Animate your signs to add a bit of drama. Babies love drama (and don’t appreciate subtlety). Really put a lot of emotion into them. When you do the sign for excited, raise your pitch and widen your eyes. When you sign sad, have a long face. When you are signing lion, let out a roar.

Celebrate your signing successes. We will discuss this in greater depth in the section on encouragement.

Amelie On a Signing Adventure

3. Motivate Signing

We make signing more appealing when we choose signs that interest babies and harness their natural curiosity.

The most common first signs are mom, dad, eat, milk, more, and dog, because these are all things that interest babies. A baby wants to learn these signs because they help him to communicate about things that are important in his life.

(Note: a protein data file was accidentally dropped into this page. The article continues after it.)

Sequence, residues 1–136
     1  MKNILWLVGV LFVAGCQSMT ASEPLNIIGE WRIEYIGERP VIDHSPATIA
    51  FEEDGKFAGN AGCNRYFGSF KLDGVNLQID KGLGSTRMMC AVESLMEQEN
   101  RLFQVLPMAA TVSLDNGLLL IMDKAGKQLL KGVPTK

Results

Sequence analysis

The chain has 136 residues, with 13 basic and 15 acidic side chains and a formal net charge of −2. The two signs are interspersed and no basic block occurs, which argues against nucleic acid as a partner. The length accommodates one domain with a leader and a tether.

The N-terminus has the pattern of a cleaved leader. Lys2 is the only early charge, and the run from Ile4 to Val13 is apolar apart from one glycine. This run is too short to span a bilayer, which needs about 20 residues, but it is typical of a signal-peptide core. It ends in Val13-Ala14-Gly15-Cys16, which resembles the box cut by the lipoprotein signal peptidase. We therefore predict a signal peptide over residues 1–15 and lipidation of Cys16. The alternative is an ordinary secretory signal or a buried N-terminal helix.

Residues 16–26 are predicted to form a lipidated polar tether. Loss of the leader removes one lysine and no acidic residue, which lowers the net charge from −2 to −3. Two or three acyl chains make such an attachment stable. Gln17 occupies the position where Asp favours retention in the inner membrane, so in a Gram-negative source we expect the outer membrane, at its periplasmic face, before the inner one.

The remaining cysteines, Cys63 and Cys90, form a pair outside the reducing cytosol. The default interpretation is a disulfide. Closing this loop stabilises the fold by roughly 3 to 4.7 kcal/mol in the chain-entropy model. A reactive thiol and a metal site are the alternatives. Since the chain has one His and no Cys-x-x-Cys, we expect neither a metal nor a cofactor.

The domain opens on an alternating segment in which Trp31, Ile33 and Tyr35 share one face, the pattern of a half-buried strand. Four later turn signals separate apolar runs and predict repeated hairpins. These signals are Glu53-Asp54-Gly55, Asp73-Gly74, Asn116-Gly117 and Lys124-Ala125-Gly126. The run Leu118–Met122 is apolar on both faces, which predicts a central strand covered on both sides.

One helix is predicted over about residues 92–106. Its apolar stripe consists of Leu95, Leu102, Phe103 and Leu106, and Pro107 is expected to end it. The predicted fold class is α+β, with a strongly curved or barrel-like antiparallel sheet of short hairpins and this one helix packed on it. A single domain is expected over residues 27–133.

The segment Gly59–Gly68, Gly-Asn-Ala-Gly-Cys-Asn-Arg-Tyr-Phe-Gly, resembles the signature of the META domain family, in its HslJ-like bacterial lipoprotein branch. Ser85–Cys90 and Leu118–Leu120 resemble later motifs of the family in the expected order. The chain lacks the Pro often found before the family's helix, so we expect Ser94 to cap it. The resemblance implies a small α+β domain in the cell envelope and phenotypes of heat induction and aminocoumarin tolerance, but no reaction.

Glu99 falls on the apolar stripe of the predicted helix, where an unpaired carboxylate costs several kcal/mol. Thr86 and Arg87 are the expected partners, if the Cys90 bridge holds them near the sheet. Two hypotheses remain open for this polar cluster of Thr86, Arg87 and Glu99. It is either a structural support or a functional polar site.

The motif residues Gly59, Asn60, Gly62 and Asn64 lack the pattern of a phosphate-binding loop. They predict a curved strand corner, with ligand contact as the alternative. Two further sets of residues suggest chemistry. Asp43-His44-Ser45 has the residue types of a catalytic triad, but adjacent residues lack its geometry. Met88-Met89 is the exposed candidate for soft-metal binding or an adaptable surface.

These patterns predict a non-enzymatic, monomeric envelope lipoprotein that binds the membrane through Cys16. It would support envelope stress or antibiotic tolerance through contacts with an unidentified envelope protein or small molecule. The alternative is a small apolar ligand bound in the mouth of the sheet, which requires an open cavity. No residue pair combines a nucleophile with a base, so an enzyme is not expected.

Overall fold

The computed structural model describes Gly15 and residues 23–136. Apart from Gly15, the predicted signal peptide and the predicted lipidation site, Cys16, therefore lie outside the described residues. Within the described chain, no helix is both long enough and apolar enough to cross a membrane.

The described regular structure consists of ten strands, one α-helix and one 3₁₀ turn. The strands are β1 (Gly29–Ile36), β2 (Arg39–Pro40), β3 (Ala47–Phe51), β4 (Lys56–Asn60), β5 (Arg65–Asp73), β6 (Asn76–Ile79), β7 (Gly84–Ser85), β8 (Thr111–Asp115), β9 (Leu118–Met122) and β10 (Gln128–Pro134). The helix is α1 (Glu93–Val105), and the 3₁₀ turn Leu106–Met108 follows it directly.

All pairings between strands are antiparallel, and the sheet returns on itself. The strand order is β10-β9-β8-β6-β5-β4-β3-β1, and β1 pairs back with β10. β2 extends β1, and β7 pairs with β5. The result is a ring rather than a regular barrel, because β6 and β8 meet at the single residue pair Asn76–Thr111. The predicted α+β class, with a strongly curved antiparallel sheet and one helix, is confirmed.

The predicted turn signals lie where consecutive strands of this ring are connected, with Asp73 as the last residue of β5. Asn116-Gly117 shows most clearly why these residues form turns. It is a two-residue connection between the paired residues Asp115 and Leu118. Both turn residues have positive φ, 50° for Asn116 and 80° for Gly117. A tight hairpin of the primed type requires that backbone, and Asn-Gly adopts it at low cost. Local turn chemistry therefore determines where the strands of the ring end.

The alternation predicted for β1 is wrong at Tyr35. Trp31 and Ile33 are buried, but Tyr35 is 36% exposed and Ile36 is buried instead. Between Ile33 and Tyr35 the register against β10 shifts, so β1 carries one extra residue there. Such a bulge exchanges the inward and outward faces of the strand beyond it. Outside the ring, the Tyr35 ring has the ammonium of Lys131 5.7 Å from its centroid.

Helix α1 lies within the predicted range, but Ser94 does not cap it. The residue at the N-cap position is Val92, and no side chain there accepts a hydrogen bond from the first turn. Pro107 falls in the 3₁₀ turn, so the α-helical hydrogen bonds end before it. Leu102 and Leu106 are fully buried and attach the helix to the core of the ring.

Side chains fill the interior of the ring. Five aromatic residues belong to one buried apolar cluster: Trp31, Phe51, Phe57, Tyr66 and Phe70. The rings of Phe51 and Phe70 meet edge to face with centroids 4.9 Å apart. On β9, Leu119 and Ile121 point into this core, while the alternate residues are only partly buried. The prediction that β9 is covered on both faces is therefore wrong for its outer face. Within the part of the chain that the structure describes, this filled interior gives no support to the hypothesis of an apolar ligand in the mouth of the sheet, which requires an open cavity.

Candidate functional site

A common mistake is to attempt to push our agenda and teach things like courtesy signs (please and thank you) as first signs. The problem with these signs is that to a six month old, they don’t mean anything and there is little motivation to learn them.

Instead, focus on signs that are tangible and related to something that baby already finds fascinating. If what gets her attention is the fan, light, flower, or cat, then these make ideal candidates for signing. Some babies want to learn animal signs, some are more motivated by colors, and others by foods. Let their interests be your guide.

Wyatt Motivated to Learn More

4. Right Time & Place

You want to set up an environment that is conducive to your baby learning. Babies have a short attention span and their attention usually shifts to the loudest, most energetic thing in the vicinity. So turn off distractions like TV or flashing toys.